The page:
Genes and their expression will act in isolation, not impacting other metabolic processes. Insertion of foreign genes and their new proteins may create complex, unpredictable interactions, not well understood. Similarly, inserting two or more foreign genes into the same plant may also cause interactions that have not been studied. University of Georgia Dr. Sharad Phatak says, When you insert a foreign gene, you are changing the whole metabolic process. . . Each change is going to have an effect on other pathways. Will any one gene kick off a whole slew of changes? We don't know for sure. Stanford Dr. Charles Yanofsky says, Genetic engineering results in the formation of higher than normal concentrations of certain enzymes and products; these could provide the basis for the synthesis of higher levels of toxic substances. Commenting on the genetically modified supplement L-tryptophan produced by Showa Denko, which killed about 100 people and caused 5-10,000 to fall sick, Yanofsky, one of the world's leading authorities on tryptophan biosynthesis, says, If Showa Denko engineered the bacterium to overproduce tryptophan [which they did], then there are many unknowns that would be associated with its overproduction.
There is no risk from breathing pollen from GM crops. Preliminary evidence suggests that residents living adjacent to the edge of a Bt cornfield in the Philippines may have developed a disease from the Bt corn pollen. Experts on the Government's Advisory Committee on Novel Foods and Processes have issued a warning about plants being grown in the U.S. and parts of Europe which contain a gene resistant to antibiotics. They are concerned that, if workers breathe in dust as the crops are processed, the resistance could be transferred to bacteria in their throats. Around one in five people are carriers of the meningitis bacteria, even though they are not affected by the disease. Microbiologist Dr. John Heritage, a member of the committee, has written to American authorities to express his worries. 'It's a huge concern to me,' he said. 'While the risk is small, the consequences of an untreatable, life-threatening infection spreading within the population are enormous. Daily Mail (UK)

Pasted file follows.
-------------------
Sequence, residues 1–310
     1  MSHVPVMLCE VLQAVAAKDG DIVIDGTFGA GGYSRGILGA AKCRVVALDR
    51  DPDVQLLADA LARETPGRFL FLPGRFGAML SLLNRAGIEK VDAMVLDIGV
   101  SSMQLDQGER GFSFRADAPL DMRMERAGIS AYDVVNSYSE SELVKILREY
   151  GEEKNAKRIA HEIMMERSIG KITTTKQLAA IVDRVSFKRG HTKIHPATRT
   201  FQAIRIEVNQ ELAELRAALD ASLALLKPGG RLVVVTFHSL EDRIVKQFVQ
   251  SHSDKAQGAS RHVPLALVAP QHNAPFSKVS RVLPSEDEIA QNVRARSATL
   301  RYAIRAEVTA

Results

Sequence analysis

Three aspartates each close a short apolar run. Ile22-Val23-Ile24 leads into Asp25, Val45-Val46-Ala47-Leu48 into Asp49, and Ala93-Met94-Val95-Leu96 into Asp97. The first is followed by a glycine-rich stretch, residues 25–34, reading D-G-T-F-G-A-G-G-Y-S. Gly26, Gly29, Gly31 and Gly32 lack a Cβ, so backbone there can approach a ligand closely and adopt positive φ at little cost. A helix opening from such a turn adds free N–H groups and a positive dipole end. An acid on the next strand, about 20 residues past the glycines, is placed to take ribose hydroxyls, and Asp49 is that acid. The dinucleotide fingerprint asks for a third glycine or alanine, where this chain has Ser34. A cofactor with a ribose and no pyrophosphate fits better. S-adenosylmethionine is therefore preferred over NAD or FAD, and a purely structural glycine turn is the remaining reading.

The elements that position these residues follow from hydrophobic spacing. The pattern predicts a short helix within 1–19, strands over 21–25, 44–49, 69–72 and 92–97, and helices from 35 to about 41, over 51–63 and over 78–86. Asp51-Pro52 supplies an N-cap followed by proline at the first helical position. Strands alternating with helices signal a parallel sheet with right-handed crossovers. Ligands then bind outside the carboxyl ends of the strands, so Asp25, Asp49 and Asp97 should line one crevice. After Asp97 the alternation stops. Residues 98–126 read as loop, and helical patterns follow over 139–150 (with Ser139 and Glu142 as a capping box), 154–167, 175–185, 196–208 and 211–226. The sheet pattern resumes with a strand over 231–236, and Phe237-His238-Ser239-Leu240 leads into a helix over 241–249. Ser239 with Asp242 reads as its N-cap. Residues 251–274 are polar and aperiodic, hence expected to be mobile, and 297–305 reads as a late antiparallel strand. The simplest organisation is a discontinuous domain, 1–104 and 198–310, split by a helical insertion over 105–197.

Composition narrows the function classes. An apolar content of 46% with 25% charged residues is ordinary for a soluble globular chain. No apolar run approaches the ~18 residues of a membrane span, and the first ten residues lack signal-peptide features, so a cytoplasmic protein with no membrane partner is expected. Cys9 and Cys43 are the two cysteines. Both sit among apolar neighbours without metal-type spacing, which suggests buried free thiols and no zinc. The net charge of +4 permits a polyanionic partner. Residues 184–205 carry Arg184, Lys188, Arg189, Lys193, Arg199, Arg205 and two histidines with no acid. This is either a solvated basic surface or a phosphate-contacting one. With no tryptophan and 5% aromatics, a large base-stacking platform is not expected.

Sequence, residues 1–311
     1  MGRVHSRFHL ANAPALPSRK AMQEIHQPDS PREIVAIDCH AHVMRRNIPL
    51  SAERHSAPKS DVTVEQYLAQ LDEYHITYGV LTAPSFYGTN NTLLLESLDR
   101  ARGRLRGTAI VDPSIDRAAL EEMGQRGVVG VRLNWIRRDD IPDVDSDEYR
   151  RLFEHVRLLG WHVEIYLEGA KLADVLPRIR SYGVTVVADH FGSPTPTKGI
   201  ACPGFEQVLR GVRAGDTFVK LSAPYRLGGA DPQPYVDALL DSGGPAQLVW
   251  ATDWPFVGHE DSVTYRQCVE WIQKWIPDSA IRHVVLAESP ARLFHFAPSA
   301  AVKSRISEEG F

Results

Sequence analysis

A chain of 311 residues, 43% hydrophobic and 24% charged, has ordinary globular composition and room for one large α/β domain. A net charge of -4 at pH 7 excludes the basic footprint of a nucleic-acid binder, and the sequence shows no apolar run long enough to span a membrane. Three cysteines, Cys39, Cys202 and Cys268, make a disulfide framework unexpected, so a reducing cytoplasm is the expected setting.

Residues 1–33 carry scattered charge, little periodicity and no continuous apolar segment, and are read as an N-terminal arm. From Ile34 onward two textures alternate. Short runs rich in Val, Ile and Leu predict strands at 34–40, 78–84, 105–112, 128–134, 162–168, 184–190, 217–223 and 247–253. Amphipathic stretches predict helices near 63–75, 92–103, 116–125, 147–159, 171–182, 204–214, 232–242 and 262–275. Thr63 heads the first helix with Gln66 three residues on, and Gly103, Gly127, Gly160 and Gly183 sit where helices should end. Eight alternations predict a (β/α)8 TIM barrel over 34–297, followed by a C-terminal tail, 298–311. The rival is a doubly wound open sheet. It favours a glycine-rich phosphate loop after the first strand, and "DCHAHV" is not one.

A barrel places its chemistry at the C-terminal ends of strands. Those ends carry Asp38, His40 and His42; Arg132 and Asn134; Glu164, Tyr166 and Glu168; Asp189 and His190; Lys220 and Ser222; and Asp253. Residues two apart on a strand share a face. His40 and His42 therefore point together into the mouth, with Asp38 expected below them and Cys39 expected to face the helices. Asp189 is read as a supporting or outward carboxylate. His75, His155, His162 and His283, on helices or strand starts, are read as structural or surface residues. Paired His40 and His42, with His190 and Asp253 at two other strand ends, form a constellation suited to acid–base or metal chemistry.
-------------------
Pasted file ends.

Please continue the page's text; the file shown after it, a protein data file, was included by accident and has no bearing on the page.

The chances of GM crops being allergenic are minimal. After GM soy was introduced into the UK, soy allergies skyrocketed 50%. Current GM corn would not pass tests recommended by international Codex standards for potential allergenicity. It took the FDA 9 months to develop an allergy test for StarLink corn; It was so poorly designed, however, that the EPA's Scientific Advisory Panel rejected its results. The FDA 1992 policy states, At this time, FDA is unaware of any practical method to predict or assess the potential for new proteins in food to induce allergenicity and requests comments on this issue. FDA scientist Dr. Carl Johnson wrote, Are we asking the crop developer to prove that food from his crop is non-allergenic? This seems like an impossible task. According to FDA microbiologist Dr. Louis Pribyl, the only definitive test for allergies is human consumption by affected peoples, which can have ethical considerations. According to a 1999 Washington Post article, there is still no widely accepted way to predict a new food potential to cause an allergy. The FDA is now five years behind in its promise to develop guidelines for doing so. The same remains true today.